Recent proposed amendments to the Racial Discrimination Act  have once again starkly highlighted that debate in Australia on racism not only remains alive, it sadly still clings to insecurities over nationhood and a desire by many to perpetuate the notion that we live in a monocultural society.

The reality couldn’t be further from the truth. Australia is made up of over 270 different cultures, speaking more than 260 languages and practising over 100 different faiths.

Yet despite this rich cultural diversity, our community sadly has been defined for much of the 20th century by the racist White Australia Policy — a policy that aimed to bring racially homogenous people here and keep others out.

It has taken a long time to shed the ideas from that policy, but unfortunately the changes to the RDA proposed by the federal government risk dragging us back to an ugly time when racism was tolerated in our institutions, practices, in workplaces and on the streets. While that policy is now a historical fact, its echoes over time continue to taint the ideas in the current Racial Discrimination Act interventions.

The federal government wants to make it legal to offend, insult or humiliate a person on the basis of his or her race, colour, descent or national or ethnic origin. The practical impact of this will mean that the green light is given to those who believe their right to free speech will always outweigh the right of someone to exist free of insult and humiliation. The concerns regarding this have been well articulated by many — namely, that it may create a more hostile culture where bigoted behaviour can lead to social and workplace disharmony.

The government’s amendments also propose to introduce protection against vilification on the basis of race, colour, descent or national or ethnic origin. Vilification is an uncertain term, and any proposed protection against vilification arguably does not protect against offence, insult and humiliation on the basis of race. In any event, the government wants a provision that should be termed the “Andrew Bolt exclusion”, rendering this new section powerless in regards to words, sounds, images or writing communicated in the course of public discussion of any political, social, cultural, religious, artistic, academic or scientific matter.

While there has been much debate about these proposals, one of the factors that has been largely overlooked is the inherent unfairness of racism itself. Indeed, the very notion of “race” is a culturally and historically produced category, rather than one based in any biological fact.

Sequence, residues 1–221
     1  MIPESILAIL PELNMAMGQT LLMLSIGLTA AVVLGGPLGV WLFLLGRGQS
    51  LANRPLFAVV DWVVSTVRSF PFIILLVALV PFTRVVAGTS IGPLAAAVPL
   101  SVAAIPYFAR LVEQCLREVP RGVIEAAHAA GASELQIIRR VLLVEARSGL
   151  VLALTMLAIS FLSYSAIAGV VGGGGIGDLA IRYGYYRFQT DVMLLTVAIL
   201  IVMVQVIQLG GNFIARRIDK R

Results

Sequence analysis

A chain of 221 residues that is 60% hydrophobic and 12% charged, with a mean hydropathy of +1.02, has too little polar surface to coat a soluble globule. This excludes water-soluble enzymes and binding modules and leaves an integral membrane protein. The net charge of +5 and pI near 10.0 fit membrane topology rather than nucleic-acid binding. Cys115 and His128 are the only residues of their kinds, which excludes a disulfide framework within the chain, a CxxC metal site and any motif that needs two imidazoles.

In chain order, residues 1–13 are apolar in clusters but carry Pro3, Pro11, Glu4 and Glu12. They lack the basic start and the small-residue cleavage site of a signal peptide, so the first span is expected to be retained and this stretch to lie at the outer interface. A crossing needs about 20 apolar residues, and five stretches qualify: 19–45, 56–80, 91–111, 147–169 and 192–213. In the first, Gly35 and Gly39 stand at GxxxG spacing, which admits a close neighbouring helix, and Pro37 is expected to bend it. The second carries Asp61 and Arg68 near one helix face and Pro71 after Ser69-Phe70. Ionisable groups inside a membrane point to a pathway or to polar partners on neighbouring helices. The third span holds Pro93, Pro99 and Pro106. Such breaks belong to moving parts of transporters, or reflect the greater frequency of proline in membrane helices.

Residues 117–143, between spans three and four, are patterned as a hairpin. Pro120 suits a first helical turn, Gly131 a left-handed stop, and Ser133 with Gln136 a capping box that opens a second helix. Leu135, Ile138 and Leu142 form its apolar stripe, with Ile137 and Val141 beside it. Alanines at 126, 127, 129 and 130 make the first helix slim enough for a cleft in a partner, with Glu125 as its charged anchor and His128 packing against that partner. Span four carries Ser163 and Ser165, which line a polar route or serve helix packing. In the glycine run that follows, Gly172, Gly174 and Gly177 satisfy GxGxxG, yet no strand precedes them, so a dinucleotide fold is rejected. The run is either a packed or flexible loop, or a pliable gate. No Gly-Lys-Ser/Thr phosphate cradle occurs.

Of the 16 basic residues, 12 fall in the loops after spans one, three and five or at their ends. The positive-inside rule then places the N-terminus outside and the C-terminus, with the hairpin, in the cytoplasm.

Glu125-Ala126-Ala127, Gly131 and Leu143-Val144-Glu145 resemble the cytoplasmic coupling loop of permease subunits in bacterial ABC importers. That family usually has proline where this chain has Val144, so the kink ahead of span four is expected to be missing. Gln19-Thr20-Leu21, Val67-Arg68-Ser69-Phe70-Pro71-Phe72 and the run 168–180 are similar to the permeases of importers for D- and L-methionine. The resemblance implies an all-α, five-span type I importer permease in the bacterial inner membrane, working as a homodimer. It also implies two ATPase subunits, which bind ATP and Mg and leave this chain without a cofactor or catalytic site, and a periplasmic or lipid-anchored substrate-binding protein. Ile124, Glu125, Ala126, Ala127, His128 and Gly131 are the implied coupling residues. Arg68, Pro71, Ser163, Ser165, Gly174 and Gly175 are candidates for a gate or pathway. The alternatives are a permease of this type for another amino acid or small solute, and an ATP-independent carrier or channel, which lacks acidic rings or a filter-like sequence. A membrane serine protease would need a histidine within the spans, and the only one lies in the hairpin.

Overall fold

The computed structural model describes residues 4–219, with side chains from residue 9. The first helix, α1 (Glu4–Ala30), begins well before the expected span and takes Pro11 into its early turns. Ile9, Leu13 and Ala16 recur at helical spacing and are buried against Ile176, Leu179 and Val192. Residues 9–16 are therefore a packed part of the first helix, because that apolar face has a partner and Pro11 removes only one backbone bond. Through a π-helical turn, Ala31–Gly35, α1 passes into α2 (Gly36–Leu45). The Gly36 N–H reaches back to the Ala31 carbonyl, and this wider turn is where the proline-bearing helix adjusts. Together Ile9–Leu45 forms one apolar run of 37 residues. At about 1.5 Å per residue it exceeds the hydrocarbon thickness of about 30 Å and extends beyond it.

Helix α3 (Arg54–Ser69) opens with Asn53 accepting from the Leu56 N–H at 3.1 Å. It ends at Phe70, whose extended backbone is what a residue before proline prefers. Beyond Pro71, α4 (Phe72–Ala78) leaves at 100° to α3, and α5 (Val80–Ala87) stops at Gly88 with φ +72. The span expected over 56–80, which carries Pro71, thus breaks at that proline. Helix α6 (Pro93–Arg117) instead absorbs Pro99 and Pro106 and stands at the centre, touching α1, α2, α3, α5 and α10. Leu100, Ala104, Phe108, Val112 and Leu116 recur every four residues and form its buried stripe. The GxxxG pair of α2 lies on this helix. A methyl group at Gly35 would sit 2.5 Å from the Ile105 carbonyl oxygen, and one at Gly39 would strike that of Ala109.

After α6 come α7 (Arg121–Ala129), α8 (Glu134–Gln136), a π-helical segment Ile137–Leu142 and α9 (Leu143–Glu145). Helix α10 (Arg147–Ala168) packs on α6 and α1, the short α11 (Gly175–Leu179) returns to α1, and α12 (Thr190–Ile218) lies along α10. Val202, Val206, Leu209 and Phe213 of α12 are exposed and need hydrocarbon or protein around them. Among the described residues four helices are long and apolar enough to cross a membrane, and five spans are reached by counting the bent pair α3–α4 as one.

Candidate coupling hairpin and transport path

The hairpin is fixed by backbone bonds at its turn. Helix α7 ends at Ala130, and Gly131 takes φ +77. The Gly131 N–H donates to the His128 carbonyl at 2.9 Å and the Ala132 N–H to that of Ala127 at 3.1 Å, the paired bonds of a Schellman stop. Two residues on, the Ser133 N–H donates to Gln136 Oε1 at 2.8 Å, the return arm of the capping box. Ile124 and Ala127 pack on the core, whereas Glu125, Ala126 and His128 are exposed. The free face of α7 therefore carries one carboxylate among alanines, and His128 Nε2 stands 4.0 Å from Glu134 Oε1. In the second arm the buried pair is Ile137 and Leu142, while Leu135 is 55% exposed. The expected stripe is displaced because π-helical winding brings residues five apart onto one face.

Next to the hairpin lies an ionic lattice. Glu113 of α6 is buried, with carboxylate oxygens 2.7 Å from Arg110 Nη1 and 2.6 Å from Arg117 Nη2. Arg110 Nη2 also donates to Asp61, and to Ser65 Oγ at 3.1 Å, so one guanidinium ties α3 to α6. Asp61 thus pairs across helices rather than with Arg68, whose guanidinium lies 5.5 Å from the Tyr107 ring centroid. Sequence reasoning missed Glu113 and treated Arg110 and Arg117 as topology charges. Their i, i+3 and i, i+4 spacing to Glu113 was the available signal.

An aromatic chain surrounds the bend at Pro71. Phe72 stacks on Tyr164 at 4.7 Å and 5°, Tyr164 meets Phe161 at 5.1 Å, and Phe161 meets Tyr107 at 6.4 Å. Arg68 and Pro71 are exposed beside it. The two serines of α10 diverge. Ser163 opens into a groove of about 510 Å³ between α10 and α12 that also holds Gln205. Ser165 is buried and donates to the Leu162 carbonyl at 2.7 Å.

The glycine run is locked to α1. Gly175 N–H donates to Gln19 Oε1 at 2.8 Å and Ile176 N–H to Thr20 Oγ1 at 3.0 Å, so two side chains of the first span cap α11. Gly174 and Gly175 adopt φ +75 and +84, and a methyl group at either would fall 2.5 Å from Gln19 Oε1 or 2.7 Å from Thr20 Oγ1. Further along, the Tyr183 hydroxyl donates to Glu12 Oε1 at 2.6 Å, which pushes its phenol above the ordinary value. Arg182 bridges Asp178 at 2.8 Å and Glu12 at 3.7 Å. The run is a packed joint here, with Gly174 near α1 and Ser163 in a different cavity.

“Race” is a notoriously difficult concept to identify, and it is almost universally accepted that the biological differences within so-called racial groups are not significant when compared to the biological similarities that cut across these socially created boundaries.

A broader definition of race would be a combination of descent, self-identification and communal recognition — a definition that was recognised in the case that has inspired so much controversy, Eatock v Bolt decision of Justice Mordy Bromberg. Just as you cannot choose who you descend from, it is nearly impossible to control how the community will treat you. That is, unless there are laws that create a community standard for behaviour.

A person can also not control their origin.  That is one of the fundamental stupidities of racism in that it seeks to differentiate between people on the basis of factors that are out of their hands, or may have no effect on their behaviour whatsoever. As His Honour pointed out in the Eatock v Bolt decision, the eight individuals who had been offended and humiliated by the writings of  Bolt did not choose to be Aboriginal. A person’s national and ethnic origins fall within that same category of characteristics one cannot choose.

Allowing humiliation of someone on the basis of race is no different to humiliating someone because they were born with a congenital birth condition. It’s inherently unfair and an excessive and unjustifiable use of free speech.

That’s why it’s important we preserve the protections that exist under s18C of the current law, subject as they are to a wide exception in s.18D.

Removing that protection simply compounds and confirms the inherent unfairness and stupidity of racism. Our federal government can and should move away from a step backwards in removing these protections by imagining a community that embraces cultural diversity and maintains measures for redress when people are discriminated against on the basis of imputed meanings of the colour of their skin.

*Giri Sivaraman is a principal in employment and industrial law at Maurice Blackburn Lawyers and Jessica McLean is a lecturer at Macquarie University.

Peter Fray

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